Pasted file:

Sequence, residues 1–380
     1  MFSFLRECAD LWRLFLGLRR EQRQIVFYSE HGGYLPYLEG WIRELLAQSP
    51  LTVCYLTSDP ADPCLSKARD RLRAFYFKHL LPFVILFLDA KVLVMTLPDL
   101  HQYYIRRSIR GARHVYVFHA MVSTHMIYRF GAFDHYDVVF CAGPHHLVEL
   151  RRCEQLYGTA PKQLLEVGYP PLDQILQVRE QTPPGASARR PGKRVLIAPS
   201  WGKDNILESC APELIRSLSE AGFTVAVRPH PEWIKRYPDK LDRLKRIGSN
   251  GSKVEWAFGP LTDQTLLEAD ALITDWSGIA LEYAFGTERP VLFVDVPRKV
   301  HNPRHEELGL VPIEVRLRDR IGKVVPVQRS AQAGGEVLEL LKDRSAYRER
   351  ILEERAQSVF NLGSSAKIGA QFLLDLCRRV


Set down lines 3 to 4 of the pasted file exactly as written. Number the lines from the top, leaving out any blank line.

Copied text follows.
    51  LTVCYLTSDP ADPCLSKARD RLRAFYFKHL LPFVILFLDA KVLVMTLPDL
   101  HQYYIRRSIR GARHVYVFHA MVSTHMIYRF GAFDHYDVVF CAGPHHLVEL